Ransomware: Now available with slick marketing

Ransomware vendors are advertising their wares with ever-greater polish and skill.

The developer of an easy-to-use form of customisable ransomware has massively expanded their activities, expanding their arsenal of cybercriminal tools and making it even easier for would-be cyber crooks to set up operations.

First spotted in September last year, Philadelphia ransomware is simple to deploy and at $400, is a relatively low-cost investment for entry-level cybercriminals, who also get support and updates as part of a 'ransomware-as-a-service' package which provides them with the opportunity to become part of a billion-dollar industry.

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Now its creator, who goes by the name of 'The Rainmaker' on underground forums, is pushing a 'Full Lifetime License' for Philadelphia ransomware, complete with promotional videos and screenshots, spamming the Jabber messaging platform with adverts for the malicious software.

Sergey Shykevich, head of cyber research at security company Clearsky, said The Rainmaker represents a specific type of actor in the cybercrime ecosystem: those who prefer to sell products, mostly at a relatively low technological level and at low prices, but to a wide audience. "This actor represents a trend of some new cybercriminals, that try to sell their products and services also to non traditional audience, outside of Deepweb forums and markets," he said.

In addition to the basic-looking Jabber spam campaign, the cybercriminal vendor -- spotted by researchers at ClearSky Security -- has set up a professional-looking website for advertising 'anti-security solutions' and 'award-winning support'.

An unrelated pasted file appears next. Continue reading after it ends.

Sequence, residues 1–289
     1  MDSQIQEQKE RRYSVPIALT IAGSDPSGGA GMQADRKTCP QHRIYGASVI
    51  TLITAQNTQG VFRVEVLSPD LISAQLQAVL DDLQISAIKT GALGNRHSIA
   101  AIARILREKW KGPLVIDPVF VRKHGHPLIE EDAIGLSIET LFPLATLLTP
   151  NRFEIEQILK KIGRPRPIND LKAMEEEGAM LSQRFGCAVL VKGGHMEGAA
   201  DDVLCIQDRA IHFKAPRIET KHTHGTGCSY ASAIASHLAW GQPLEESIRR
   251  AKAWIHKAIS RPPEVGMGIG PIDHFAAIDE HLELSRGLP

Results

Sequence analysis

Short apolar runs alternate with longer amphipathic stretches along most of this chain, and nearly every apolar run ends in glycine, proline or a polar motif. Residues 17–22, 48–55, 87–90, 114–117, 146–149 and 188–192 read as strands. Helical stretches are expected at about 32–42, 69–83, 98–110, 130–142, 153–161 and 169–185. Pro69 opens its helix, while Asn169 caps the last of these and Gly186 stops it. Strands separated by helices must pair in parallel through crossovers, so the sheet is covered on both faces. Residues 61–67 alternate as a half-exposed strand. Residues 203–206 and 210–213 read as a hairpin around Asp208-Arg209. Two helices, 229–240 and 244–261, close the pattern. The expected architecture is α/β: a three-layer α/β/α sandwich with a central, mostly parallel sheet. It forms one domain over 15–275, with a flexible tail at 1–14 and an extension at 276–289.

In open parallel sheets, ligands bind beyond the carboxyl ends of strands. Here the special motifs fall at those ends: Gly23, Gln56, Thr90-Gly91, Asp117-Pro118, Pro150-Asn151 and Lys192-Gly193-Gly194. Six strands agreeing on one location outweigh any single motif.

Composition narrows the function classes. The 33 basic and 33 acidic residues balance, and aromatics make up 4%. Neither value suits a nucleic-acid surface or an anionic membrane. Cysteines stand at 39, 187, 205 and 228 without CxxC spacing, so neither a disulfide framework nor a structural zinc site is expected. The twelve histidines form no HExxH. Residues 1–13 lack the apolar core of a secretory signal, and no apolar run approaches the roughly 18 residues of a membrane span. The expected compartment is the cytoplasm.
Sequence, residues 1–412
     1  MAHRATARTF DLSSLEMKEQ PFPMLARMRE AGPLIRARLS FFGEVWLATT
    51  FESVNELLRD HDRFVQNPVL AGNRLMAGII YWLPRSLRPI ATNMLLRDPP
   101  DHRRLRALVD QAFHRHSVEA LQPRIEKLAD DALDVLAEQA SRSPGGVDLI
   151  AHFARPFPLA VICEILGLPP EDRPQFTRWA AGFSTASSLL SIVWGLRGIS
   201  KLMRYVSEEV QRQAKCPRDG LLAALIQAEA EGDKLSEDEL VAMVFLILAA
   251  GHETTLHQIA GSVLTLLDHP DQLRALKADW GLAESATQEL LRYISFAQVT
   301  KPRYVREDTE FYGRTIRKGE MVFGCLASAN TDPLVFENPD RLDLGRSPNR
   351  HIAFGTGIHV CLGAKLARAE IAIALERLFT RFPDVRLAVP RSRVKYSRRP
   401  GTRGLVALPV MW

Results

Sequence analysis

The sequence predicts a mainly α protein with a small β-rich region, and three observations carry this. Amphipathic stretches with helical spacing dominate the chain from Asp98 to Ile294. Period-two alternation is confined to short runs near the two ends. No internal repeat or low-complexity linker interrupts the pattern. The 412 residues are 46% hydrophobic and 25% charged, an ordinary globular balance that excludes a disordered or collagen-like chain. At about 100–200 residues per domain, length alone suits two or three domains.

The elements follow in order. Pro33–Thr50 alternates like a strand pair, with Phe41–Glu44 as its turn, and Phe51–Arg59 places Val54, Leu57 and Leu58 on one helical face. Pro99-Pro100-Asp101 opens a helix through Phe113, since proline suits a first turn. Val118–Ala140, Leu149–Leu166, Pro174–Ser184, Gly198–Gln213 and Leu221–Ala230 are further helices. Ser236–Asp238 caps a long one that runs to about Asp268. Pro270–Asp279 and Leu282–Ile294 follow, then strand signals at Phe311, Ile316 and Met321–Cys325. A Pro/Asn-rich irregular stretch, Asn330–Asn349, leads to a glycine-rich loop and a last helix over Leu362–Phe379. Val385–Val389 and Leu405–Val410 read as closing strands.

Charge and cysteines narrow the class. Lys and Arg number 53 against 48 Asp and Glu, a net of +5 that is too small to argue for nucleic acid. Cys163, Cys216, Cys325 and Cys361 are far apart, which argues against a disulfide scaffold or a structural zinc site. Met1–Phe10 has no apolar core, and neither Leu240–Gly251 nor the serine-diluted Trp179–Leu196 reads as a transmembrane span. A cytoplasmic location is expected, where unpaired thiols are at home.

In addition to Philadelphia, the website also promotes Stampado, a particularly cheap and nasty form of ransomware which uses worm-like capabilities to move across networks and external drives.

Not only are two different types of of ransomware available on the site, but various forms of other malicious tools are also advertised. They include DDoS attack tools, a remote access Trojan, a credential stealer, and tools which allow users to spam emails.

While Philadelphia is far from becoming one of the most common forms of ransomware, the move reflects how slick the marketing of such scams has become.

Because it is proving easy to make a profit from, ransomware has become one of the biggest menaces on the web. This ZDNet guide contains everything you need to know about it: how it started, why it's booming, how to protect against it, and what to do if your PC suffers an attack.

low-demand-philly-ransomware.png

A custom version of Philadelphia ransomware designed to extort money from individuals by demanding lower ransoms.

Image: Proofpoint

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